My blog is in serious disrepair, and needs some love. I don't have the talent or the time to be able to fix it, so for now I'm going to leave it in its sorry state. Unfortunately, the comments section is entirely broken. If you want to leave me a comment, either drop in and see me on Twitter (username: Loquacities) or sling me an email to loquacities(at)gmail(dot)com. In the meantime, here's a short story. This one comes with a disclaimer, it's a depressing, bleak story, borne of the horrible news that has come out of Victoria in the past few days. With that in mind, I would like to send my very best wishes to all those with friends or family in that ravaged state, my thanks to the hardworking volunteers, and a reminder to do whatever you can.


The depression started the same year I started school. By the time I finished, only the elderly and the insane held out any hope of it ending. I can't remember exactly, but it was some time during my teens that the fresh food started to become sparse. I remember my mother squabbling with a young man over the last over-ripe peach in a fruit store. The weather was ridiculously hot, and perhaps she had been having a bad day, because it was out of character. Eventually, the owner of the store, desperate to sell the stock and get the fighting pair out of his shop, probably, cut the peach in half and Mum and the man both handed over a bunch of coins for the precious fruit. She offered me a bite, and the too sweet juice running down my chin is the clearest part of this memory for me. Mum took a bite herself, ecstasy on her face as she savoured it. When we got outside a grubby girl with running sores on her arms, no more than four, came up and begged for food, money, whatever we could give. Perhaps the sight of the child brought about guilt over her behaviour in the fruit shop. Whatever it was that made her do it, my mother reached down to the girl, and gave her the remaining bite of the peach. The girl made the fruit disappear so quickly I thought she had dropped it at first, but then we saw tears cutting pink lines through the grime on her cheeks, and realised that she was crying with pleasure at the fruit. My mother smiled at the child, but wept to herself on the way home, when she thought I wasn't looking. To give up not just food, but fresh food, was almost too hard to bear.

Children like this were common since the fires. As the country had progressively burnt to a cinder - first the southeast corner, then gradually north and west, sparing only those in the very inner-city suburbs - more and more children were left without families, without support, and without hope. It was really the fires that started to make people realise that we were in a lot more trouble than anyone had realised. At first, when the first state went up in flames, it was hailed as a disaster. Grief for the ever-increasing list of victims grew, support flooded in from all corners of the country - even some from overseas. As a nation we mourned the dead, supported the survivors, congratulated the heroes and urged the government to provide financial support. By the time the last square kilometre of farmland had gone to ash, we had grown immune to the horror. Small enclaves survived in the very hearts of the biggest cities, the people who had run from their burning homes in the outskirts found themselves homeless, hungry and desperate in a city that no longer had enough to spare for themselves. The natural urge to reach out and help those less fortunate died, as our own fortunes died.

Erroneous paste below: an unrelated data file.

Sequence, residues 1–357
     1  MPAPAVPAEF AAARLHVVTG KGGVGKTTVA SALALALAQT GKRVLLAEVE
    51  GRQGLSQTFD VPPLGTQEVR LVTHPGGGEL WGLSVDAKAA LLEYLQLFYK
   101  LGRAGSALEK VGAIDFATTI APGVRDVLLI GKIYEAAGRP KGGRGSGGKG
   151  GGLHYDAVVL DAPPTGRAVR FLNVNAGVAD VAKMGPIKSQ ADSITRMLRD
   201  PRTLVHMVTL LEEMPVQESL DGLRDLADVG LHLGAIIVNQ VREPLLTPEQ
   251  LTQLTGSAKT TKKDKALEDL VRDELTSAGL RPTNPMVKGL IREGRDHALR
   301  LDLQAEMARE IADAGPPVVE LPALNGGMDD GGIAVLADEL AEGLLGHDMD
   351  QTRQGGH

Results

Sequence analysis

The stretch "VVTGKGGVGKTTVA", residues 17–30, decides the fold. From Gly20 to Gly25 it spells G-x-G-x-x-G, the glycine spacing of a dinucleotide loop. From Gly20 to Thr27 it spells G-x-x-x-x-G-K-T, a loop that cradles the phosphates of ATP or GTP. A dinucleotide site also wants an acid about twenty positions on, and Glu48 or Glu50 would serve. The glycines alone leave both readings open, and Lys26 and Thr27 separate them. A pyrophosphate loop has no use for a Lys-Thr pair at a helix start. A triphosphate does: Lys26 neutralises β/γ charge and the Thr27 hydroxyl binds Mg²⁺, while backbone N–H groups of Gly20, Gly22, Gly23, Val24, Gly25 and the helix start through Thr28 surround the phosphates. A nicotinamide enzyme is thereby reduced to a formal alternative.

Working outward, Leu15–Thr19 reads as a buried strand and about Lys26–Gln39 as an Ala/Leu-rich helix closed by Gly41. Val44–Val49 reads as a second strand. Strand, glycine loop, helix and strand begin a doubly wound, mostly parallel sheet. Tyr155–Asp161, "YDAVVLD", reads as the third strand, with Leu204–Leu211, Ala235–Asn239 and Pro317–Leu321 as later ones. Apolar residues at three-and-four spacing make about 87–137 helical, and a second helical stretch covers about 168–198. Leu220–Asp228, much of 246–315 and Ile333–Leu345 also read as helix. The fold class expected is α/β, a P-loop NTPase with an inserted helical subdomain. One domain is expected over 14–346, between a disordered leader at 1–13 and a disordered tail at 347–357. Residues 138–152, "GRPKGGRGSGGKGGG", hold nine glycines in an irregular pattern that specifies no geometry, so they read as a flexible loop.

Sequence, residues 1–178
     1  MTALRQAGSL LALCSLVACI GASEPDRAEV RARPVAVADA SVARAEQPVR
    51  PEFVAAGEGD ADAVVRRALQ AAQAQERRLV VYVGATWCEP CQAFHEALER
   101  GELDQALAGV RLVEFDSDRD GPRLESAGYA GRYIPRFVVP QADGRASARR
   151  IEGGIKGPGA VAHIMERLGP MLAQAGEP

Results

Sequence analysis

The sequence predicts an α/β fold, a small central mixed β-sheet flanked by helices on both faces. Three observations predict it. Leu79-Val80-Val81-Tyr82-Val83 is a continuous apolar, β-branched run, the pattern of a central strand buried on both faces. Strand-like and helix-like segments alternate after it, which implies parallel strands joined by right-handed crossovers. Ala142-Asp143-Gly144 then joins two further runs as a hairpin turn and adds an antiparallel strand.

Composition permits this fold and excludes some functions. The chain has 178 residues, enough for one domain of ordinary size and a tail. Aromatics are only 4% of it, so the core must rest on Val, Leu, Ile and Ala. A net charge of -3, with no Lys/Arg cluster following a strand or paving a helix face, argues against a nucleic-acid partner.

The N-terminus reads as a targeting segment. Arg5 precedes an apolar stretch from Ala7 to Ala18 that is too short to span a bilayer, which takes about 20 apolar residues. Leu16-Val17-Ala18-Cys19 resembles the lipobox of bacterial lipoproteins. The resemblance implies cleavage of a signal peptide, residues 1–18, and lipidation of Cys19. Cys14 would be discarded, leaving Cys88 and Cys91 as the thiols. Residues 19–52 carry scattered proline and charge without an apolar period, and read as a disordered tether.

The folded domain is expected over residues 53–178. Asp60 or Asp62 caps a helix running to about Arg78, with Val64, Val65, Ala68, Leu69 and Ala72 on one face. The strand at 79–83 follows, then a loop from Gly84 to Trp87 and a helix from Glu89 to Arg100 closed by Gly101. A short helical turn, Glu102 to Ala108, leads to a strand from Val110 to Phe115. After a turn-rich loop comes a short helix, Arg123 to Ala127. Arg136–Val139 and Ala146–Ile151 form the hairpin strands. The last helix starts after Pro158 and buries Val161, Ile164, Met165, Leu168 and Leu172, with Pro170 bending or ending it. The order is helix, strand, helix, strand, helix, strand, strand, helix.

We were considered lucky, to start with. We had a small yard, with an established vegetable garden, and a couple of fruit trees. Even once the fires got hold of them, we managed to hang on to one lone apple tree, but eventually the ash in the air, the toxic rain and the lack of water put paid to it, and by the time I was twelve fresh fruit and vegetables had become a treat. From someone who wouldn't have touched a sultana with a long pole, I became someone who would have committed the most indecent acts for a single grape.

While we fought fire in the southern half of the country, the north battled flood. While the fire fighters prayed for rain, the residents in the north prayed for it to stop. Where the two met, somewhere just north of the middle, the flood waters put out the fires, began to dry up in the hot air, and then got overtaken by the next wave of fire. In the days when the fire appeared to have nowhere else to burn, even the silted streets provided fuel. By the time that our northern-most cities had burned, the surviving population were so consumed with just staying alive that we could no longer grieve.

I finished school, one of the last years to do so. Most schools had closed by 2021, although a very small number - mine included - struggled along until about 2024, when finally too few resources and poor attendance finally drove them to close their doors. After that, I stayed with my mother. After all, where else was I to go? The idea of starting a family was laughable, and Mum was getting older, she needed all the help I could offer her.

Mum died last year. She was old, nearly fifty. The people around me are all ill, or dying. Few people I knew even five years ago are still alive. There is no food except what we grow ourselves in scrubby little plots. Plants are hoarded for their seed and their fruit, and the owners of the plants stand guard around the clock, fighting off attackers. Now that I am alone, I am unable to stand guard. I survive from the jealously hoarded tins dating back, in some cases, over ten years. I open a tin every fortnight, and make it last. Water is almost impossible to get, and clean water a thing of fiction. I'm ill, and have been for years now. Now that I don't have to look after Mum anymore, who is going to look after me?